I used attraction force to make minimal paths that pass though 3 buildings on the ground level. But I failed to combine with repulsion force to make the paths detour from the elevators and staircases in the cores of the buildings. Can somebody help me have a look at the codes to see how to do it please?
Thank you for your help !
Wool_Threads_v2.gh (65.3 KB)
Here are some examples with more up to date version of the attraction/repulsion
Thank you for your scripts David I understood this script less than the old one. I tried to connect the positive points to the points I want attractive force, and connect the negative points to the points I want repulsive force, but it didn’t work. How do I convert the points into minimal paths? Thank you!
Here’s an updated example specifically for the Frei Otto wet threads type form-finding.
woolthreads_k2.gh (13.8 KB)
As for including obstacles which the paths have to go around-
One simple way could be to keep the threads on a surface with holes cut out for the obstacles:
woolthreads_obstacles.gh (16.6 KB)
I’m quite new to Kangaroo so apologies if my question has quite an obvious answer or is in the wrong place. I saw your C# script outputs the following string “Script_Instance+RangedAttraction” how does the solver use this string to extract all the relevant information for the goal?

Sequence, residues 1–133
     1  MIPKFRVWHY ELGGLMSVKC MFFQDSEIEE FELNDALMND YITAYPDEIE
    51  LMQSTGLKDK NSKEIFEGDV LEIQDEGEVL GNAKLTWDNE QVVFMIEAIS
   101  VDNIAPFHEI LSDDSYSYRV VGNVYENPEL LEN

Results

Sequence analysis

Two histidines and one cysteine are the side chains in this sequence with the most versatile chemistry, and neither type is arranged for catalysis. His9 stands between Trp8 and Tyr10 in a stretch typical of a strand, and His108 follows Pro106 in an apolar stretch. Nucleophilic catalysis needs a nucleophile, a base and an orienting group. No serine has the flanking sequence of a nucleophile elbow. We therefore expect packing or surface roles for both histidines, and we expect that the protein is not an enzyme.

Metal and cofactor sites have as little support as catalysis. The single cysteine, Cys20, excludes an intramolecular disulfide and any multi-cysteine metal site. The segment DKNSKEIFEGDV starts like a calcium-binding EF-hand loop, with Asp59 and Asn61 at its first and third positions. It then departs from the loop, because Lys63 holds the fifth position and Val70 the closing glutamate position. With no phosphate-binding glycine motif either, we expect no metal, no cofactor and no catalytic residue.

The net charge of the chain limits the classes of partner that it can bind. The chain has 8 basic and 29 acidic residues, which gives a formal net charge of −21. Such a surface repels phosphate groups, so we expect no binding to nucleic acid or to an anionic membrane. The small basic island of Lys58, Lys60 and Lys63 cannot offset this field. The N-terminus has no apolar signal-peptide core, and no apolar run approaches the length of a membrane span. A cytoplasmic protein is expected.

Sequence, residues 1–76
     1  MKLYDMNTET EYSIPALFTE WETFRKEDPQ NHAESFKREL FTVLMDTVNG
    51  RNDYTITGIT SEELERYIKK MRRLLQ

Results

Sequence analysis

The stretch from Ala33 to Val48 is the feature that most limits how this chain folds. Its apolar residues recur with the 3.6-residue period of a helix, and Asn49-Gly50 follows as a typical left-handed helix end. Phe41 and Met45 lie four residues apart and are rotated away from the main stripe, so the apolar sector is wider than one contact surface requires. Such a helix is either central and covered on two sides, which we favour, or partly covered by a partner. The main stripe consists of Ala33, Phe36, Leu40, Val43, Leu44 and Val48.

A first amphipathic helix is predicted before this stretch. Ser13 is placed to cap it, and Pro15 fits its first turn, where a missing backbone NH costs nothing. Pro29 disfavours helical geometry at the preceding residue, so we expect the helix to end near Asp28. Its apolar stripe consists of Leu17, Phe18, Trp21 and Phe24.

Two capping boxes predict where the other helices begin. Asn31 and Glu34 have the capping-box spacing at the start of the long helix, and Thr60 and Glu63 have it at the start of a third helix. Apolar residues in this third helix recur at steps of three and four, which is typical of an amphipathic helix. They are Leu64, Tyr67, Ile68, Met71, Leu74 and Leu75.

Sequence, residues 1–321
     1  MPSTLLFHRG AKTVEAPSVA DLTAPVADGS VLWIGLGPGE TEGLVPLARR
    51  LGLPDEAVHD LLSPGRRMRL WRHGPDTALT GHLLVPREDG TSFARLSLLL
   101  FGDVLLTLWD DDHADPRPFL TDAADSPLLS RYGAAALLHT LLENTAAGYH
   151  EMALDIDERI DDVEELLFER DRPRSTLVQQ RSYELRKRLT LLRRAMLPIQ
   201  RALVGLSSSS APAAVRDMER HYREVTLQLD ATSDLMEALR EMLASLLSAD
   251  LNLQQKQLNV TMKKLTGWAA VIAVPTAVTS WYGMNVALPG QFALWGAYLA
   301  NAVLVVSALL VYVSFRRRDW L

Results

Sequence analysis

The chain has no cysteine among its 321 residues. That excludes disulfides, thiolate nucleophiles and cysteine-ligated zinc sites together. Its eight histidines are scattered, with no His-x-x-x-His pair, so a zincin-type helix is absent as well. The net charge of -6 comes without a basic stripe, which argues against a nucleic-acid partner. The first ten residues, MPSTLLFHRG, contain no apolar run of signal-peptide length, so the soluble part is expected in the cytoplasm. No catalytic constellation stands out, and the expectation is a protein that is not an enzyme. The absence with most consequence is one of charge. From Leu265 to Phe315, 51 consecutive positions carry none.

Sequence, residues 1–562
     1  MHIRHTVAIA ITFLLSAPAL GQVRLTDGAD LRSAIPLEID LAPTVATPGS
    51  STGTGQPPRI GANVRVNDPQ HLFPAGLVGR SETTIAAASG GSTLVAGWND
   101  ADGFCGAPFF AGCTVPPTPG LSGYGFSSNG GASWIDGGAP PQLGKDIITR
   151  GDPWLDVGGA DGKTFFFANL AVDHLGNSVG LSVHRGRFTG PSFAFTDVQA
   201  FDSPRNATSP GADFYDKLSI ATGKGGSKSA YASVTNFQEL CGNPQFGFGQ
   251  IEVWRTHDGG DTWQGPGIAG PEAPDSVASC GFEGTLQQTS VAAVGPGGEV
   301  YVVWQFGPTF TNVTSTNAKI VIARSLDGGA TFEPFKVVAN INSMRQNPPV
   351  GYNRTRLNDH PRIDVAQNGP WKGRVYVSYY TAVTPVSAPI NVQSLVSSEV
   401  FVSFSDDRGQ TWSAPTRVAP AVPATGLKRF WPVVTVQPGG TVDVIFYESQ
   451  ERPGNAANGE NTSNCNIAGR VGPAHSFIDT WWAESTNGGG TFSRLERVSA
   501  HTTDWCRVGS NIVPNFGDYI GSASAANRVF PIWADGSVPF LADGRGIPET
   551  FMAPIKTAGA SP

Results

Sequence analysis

Also I can’t read C#, is it possible to script for kangaroo in Python? If so is there any documentation?
Thanks in advance!
The script is not outputting a string, but an object. In this case the object is an instance of the ‘RangedAttraction’ class which is defined in the script (and inherits from the GoalObject class defined in KangarooSolver.dll).
When you hover over the output or connect a text panel, Grasshopper converts the object to a string to try and tell you something about the object, but what is really passed between the components is more than just that string - it’s the whole class with its methods and properties, which can then be called by the solver.
Yes, it is possible to script Kangaroo goals with Python. @AndersDeleuran has kindly shared some examples here GitHub - AndersDeleuran/KangarooGHPython: How to stuff a Kangaroo in your Python using a Grasshopper</
I think doing it with C# will probably be a bit easier though, as there will just be a lot more examples to refer to. Normally creating a goal will involve mostly just vector operations, so you won’t need to learn a lot of esoteric language specific things.
Very cool! Thanks so much for the prompt response, all makes sense!